“I am sorry I ruined your life and that I crammed eleven cookies into the VCR .”
-Buddy the Elf
Christmas is 11 short days away. It was September and then I blinked and now it is December 14th. With just over a week left and several shifts standing between me and a Christmas break, I have practically no time to bake.
Growing up, Christmas baking revolved around shortbread. Sure, my mom had many different sweets in her Christmas baking repertoire but to me, shortbread cookies were always the star. Maybe it’s because they were only baked at Christmas. Maybe it’s because she baked them early and froze them (they freeze remarkably well) or it could be because she had to bake another batch every single year because we ate them right out of the freezer (they are also remarkably delicious frozen). Maybe it’s because we were allowed to help or it could be because were allowed to eat the browned edges once they were trimmed (one of the best tastes in the world, second to my nanny giving us a small piece of potato with butter and salt to “test” if they were cooked). It could be a culmination of all of the above but I still have lost no love for the simple, three ingredient cookie. In actuality, I have all the love for shortbread.
A quickie WIKI search tells me that shortbread has been around since the 12th century. Mary, Queen of Scots was a big fan, perfecting the simple combination of sugar, butter and flour by seasoning it with vanilla and caraway. As it is traditionally made with loads of butter (and butter is expensive), shortbread was generally a sweet reserved for the wealthy and for special occasions like Christmas and wedding celebrations. Over the years the cookie has remained popular and has evolved into many different varieties; some using powdered sugar, some iced, some whipped and all resulting in a very popular traditional cookie.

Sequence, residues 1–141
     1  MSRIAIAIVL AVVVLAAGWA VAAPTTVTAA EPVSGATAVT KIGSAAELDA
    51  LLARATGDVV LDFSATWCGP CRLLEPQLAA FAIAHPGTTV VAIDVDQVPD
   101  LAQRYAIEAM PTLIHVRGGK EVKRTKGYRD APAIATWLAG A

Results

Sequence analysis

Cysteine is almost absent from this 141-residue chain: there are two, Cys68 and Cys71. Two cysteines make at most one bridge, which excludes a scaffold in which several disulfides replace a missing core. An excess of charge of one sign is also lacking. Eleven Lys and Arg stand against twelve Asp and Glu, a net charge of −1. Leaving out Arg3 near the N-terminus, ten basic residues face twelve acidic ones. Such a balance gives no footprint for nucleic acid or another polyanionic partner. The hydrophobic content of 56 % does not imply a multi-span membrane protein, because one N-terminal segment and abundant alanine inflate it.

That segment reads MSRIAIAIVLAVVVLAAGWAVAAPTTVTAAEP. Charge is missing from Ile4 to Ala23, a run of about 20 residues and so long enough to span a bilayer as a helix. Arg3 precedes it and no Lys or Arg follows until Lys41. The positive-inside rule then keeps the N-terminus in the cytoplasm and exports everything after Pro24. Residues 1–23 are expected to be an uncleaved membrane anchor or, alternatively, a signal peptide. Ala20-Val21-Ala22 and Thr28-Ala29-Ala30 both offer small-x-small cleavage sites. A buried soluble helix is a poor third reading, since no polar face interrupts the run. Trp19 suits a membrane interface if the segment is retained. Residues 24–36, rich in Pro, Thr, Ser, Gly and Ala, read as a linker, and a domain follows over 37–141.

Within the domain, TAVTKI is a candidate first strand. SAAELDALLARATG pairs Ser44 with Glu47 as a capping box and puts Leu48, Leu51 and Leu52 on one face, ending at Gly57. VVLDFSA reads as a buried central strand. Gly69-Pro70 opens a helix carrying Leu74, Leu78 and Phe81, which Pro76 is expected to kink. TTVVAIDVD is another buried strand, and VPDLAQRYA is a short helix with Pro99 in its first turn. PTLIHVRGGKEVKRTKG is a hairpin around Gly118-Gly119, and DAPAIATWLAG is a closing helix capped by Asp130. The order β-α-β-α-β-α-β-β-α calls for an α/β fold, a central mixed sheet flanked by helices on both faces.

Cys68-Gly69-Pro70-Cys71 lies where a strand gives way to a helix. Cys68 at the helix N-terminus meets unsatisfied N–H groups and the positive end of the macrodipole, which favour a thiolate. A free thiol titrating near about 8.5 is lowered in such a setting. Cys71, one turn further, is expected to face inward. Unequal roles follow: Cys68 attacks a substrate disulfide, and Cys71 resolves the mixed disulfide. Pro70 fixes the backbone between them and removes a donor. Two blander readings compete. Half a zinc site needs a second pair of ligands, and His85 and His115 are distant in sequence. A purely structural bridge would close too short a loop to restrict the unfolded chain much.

My favourite version is my mom’s traditional Scottish shortbread. This is a dense, slightly crumbly, slightly chewy cookie that is sprinkled with sugar and baked on a sheet, later to be cut into fingers. Delicious, and time consuming. I would share the recipe but I would have to kill you (I kid. But no, I am still not sharing).
My second favourite would be a whipped shortbread cookie. Getting back to the first paragraph of this crazy cookie spiel, these are easy to make and they take little, to no time. In turn making them the perfect cookie for the time-crunching Christmas baker. You can get fancy and use a piping bag, or even fancier and use a cookie press but I prefer them as they are in their natural state. A basic, spoon dropped cookie with half of a red or green glacé cherry pushed into the middle. I am a lover of tradition, I can’t help myself. The difference between whipped and regular short bread is the substitution of icing (or powdered) sugar for the traditional granulated sugar. They are also whipped within an inch of their life making the dough airy and light. This results in a sweet cookie that melts in your mouth. Only downside is they are crumbly, so handle them with care ! Some people add cornstarch as well. This makes them even more “melt-y”; there is a great debate as to what makes a better cookie. You can decide that for yourself! All of you time stressed bakers can find my recipe below ! Happy baking and happy tradition making!
Whipped Shortbread Cookies
Preheat oven to 300.
You will need..
-one pound of butter
-3 cups of all purpose flour
-one cup of icing sugar
-**optional 1/2 cup of cornstarch
-sprinkle of salt
-teaspoon of good vanilla
-**optional red and green glacé cherries (or maraschino, just dry ’em off)
In a large mixing bowl or the bowl of a stand mixer, cream butter and add sugar and continue to cream until pale and fluffy. If you are using cornstarch, mix cornstarch into flour. Add flour (or flour cornstarch mix) to bowl along with vanilla and sprinkle of salt. Whip on high for ten minutes with a hand mixer or the paddle attachment to your stand mixer. It will not look like much at first but as it whips it will become light and airy! Drop with teaspoon onto an un-greased cookie sheet and top with half of a cherry. You can also pipe the cookies onto the sheet or use a cookie press. Your call- dropping is fast! Bake for 15-20 minutes until the bottoms are just very slightly browned at the edges. Enjoy with milk, coffee or tea- whatever your vice is. I am told Santa really enjoys these, as do coworkers, neighbours and party attendees.